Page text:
The new Digital Development Office for Barclays Africa is situated in a historic industrial building known as Longkloof Studios, in a vibrant city neighbourhood of Cape Town. The new space is home to a small group of talented young software developers specialising in the design and development of high-end mobile and web-based solutions within the unique context of the developing African market.
A much-loved anecdote from the team’s formation epitomises their playful approach: When first visiting this particular site (which was previously home to television station e.tv) they came upon a room filled with old video tapes. They joked that the team would be named after whichever movie was picked at random out of the pile. That movie was Cowboys & Aliens – and so the concept for the new office was formed.
The digital development team has always worked independently and the new Longkloof office feels more like a young tech start-up than a financial institution. The team’s aim is to shake up the way South Africa engages with finance and banking through well-designed and really useful tech. Their work culture emphasises agility, innovation, collaboration and creativity and for the first time they have their own space designed by dhk to cultivate this approach.
Designed to accommodate up to 60 developers, the office is very flexible and can be modified to support different project requirements. Developers work at long shared surface tables encouraging natural collaboration and mobility – there are no personalised workstations in the office.
Communication between teams is key and the space has been kept free of visual barriers, with glazed walls enclosing meeting rooms to maintain connection. Nearly every surface in the office space is writable, and brainstorming sessions easily move straight from boardroom to work area. The variety of seating and workspace arrangements encourage different ways of working and engaging. Every possible surface incorporates power sockets and even the canteen tables have been designed with a built-in groove for tablets.
The space still retains many of the original factory’s fittings and finishes and the materials palette takes its cue from the exposed brickwork, restored original timber flooring, heavy steel doors and riveted columns of the heritage building. While the ground up follows this rough-and-ready industrial aesthetic, everything from above references the high-tech – like the aliens descending.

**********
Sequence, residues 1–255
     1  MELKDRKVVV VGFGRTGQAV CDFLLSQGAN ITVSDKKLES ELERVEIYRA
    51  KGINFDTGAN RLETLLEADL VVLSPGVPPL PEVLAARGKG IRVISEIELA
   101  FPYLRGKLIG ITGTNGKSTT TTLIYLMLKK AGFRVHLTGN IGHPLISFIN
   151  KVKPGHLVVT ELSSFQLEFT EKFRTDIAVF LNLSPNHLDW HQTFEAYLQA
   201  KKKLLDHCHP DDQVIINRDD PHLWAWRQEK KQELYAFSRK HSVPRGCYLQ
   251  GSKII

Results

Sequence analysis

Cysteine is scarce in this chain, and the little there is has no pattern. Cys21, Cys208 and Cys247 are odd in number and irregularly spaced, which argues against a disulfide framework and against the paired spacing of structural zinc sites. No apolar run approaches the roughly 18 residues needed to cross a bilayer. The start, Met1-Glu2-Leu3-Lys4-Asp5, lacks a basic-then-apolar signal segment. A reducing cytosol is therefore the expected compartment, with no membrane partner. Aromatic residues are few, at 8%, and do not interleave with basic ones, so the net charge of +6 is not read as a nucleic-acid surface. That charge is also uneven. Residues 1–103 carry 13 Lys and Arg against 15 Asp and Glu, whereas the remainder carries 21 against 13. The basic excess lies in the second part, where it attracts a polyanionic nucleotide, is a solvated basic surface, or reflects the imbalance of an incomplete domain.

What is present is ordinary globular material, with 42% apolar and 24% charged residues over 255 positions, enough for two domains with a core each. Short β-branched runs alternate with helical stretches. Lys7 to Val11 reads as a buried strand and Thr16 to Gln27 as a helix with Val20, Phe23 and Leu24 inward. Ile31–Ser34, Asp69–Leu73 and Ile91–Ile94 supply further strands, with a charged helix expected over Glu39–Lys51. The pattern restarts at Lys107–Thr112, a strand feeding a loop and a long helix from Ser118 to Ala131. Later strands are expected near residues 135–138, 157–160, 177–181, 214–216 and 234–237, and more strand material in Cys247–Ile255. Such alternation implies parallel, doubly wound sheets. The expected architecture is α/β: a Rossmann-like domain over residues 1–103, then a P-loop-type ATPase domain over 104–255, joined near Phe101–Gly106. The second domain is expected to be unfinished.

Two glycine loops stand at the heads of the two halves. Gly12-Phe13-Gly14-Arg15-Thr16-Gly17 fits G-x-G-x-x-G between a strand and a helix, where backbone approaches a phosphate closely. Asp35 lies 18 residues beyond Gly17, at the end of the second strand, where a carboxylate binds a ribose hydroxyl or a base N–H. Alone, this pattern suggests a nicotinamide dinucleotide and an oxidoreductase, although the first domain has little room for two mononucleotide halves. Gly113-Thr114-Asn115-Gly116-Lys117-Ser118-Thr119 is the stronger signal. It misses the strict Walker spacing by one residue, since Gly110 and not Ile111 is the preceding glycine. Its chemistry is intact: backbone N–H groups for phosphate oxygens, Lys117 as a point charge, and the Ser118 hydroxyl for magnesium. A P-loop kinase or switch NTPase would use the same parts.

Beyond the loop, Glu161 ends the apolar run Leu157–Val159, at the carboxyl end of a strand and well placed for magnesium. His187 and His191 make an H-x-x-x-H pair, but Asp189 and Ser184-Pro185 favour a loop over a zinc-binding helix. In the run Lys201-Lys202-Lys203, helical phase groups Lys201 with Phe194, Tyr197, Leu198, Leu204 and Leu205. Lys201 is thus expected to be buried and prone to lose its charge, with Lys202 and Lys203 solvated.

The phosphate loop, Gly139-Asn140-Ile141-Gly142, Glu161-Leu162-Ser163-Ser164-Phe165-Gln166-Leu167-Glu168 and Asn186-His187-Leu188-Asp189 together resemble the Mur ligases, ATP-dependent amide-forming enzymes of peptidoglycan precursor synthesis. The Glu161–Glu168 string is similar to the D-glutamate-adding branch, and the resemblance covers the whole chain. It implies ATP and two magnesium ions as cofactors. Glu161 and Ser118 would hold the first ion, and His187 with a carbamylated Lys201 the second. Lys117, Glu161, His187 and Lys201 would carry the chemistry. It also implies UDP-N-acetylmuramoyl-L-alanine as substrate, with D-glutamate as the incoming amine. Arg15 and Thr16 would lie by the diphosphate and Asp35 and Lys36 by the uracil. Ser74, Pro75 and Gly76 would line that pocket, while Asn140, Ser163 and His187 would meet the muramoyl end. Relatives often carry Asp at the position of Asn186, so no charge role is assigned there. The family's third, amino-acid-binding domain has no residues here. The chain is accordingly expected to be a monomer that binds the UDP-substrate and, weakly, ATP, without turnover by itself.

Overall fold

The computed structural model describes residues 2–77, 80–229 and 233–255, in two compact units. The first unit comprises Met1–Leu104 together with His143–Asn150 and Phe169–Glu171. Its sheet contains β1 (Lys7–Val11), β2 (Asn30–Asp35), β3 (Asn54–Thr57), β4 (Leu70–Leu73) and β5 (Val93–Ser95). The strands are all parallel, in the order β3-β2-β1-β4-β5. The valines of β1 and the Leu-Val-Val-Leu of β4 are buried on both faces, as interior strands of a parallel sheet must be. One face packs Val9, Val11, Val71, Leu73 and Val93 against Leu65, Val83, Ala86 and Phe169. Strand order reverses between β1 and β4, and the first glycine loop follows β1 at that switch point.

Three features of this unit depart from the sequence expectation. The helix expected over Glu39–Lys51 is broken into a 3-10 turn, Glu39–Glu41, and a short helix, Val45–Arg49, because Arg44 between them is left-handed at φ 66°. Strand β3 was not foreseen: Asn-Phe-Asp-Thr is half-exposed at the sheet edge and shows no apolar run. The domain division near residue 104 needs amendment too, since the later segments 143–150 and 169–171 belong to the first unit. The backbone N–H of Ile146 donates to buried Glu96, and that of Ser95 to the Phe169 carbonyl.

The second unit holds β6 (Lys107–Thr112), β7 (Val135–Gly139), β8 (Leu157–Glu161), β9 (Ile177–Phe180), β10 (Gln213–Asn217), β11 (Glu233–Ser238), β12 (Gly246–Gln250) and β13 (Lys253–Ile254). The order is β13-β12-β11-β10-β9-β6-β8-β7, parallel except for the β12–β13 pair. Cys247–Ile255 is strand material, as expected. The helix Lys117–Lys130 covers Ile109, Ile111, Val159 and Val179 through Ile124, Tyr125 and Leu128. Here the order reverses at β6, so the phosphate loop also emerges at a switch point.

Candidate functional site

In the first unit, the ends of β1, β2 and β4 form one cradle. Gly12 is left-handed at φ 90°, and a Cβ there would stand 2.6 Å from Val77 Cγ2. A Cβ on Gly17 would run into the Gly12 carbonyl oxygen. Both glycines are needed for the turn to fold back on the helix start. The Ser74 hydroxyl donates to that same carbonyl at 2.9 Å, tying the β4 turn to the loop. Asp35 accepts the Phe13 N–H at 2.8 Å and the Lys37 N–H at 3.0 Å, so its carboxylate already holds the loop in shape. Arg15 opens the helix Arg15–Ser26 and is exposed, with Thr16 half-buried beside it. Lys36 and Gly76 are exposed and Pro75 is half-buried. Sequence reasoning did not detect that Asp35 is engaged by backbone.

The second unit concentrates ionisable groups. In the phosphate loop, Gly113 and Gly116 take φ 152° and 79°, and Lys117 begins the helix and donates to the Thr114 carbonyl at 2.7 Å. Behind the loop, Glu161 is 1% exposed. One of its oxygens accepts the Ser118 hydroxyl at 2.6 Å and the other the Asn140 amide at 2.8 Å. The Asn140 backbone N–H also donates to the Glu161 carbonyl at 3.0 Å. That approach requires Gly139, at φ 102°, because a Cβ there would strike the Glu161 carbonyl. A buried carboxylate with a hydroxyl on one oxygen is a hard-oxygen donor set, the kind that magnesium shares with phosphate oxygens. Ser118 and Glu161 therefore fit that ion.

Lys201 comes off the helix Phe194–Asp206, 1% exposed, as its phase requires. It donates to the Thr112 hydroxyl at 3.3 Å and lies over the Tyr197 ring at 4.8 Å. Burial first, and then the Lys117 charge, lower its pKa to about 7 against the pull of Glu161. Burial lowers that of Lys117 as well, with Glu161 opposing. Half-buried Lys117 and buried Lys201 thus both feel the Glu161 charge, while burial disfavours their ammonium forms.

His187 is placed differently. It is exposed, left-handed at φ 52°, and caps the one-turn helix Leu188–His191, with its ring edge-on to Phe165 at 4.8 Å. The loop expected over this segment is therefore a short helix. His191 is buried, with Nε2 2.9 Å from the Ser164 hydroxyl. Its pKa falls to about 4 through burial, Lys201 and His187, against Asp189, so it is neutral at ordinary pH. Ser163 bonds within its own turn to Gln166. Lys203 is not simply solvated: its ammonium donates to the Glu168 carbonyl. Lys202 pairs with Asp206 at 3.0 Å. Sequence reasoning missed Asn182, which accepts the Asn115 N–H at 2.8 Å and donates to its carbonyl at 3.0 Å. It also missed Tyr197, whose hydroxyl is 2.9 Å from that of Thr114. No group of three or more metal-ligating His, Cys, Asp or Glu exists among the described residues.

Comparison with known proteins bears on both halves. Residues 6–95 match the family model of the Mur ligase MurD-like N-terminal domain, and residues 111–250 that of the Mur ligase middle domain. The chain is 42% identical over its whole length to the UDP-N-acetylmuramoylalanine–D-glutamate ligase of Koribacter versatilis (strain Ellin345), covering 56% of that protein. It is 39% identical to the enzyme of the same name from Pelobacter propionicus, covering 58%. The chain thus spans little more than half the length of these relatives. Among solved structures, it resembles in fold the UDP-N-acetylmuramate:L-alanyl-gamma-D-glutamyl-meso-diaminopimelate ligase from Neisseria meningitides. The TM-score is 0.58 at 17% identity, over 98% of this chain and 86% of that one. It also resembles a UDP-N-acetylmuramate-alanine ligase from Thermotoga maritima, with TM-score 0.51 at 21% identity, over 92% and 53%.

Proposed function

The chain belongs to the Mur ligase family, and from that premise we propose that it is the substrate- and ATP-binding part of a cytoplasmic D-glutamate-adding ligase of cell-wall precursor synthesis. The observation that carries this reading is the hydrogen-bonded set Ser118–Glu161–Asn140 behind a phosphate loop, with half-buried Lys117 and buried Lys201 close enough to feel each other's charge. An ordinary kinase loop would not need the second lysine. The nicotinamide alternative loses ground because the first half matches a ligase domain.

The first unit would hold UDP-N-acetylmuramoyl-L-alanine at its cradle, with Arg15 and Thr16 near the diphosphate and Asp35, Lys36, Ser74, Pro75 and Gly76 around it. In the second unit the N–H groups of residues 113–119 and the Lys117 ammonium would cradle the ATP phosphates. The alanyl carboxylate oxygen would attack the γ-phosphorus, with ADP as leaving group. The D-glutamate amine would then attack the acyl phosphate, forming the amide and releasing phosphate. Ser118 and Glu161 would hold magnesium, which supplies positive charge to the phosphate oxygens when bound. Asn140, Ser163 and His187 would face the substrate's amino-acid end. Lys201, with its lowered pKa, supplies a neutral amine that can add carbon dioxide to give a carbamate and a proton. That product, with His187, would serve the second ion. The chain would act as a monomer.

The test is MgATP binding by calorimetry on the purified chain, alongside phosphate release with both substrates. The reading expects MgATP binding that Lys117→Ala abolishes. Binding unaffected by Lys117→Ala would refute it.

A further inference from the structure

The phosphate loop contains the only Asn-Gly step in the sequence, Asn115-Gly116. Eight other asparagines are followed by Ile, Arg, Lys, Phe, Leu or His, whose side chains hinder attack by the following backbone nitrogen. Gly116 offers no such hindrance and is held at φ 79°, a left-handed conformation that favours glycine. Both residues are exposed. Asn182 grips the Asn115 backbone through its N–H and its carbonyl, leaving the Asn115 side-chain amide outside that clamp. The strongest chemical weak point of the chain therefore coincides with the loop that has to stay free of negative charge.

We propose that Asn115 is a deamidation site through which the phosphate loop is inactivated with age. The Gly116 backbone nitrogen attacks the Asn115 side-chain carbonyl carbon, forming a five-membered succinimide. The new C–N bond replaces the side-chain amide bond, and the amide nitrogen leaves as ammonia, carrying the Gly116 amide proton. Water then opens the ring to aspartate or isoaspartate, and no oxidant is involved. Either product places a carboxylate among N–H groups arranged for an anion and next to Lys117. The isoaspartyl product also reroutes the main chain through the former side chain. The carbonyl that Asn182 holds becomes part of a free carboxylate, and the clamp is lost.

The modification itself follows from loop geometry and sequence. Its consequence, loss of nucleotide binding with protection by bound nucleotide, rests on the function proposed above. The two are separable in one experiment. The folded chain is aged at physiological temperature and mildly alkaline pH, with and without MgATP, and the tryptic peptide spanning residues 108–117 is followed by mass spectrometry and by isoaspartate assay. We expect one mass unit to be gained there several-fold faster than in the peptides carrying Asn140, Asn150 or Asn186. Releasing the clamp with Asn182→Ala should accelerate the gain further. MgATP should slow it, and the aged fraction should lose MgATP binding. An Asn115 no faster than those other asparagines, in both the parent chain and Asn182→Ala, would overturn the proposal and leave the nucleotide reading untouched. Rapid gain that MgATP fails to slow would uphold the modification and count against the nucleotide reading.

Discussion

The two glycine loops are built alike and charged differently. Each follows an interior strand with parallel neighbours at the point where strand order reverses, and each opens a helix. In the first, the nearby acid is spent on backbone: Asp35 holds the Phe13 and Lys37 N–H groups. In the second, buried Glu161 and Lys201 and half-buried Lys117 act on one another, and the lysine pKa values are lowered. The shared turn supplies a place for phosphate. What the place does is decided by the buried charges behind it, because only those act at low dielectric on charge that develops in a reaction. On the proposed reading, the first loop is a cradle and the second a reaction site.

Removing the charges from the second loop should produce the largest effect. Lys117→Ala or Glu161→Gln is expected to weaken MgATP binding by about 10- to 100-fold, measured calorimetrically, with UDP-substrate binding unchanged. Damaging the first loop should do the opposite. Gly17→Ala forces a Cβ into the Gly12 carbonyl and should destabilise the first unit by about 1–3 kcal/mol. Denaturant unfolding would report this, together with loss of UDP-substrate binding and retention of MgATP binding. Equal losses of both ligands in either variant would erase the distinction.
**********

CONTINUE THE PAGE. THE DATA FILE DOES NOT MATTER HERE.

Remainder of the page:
An eclectic mix of high-tech and industrial style furniture and fittings contrasts the raw textures and materials with the gadgetry that the team works with. All of the furniture was either made by contractors to dhk’s design or sourced from local designers – with the exception of office chairs and specialised lighting.
To maximise the feeling of space throughout the office the ceilings were stripped back, exposing the services yet presenting acoustic performance challenges, so a specialised high-spec honeycomb acoustic foam panel system with LED strip lighting was used in key areas.
On arrival, the reception desks also serves as a coffee bar which has proved very popular with the team and visitors alike. In the canteen area, each developer was encouraged to bring in a personal mascot to for a custom designed display unit revealing the quirky side of the team and helping to make the space their own. Bike racks and lockers have become a design feature in the entrance encouraging alternative transportation and making the most of this highly accessible and desirable city location.
The team’s playful approach was again evident at the office launch, where guests downloaded a mobile app on arrival to experience the ribbon cutting in augmented reality. As they settle into the office it will transform with the team, providing the backdrop to exciting new developments in the fintech space. The new Barclays Africa Digital Development Office is as unique and creative as the people who work there and represents the bank’s strong commitment to innovation in the financial services sector.
Photography by Wieland Gleich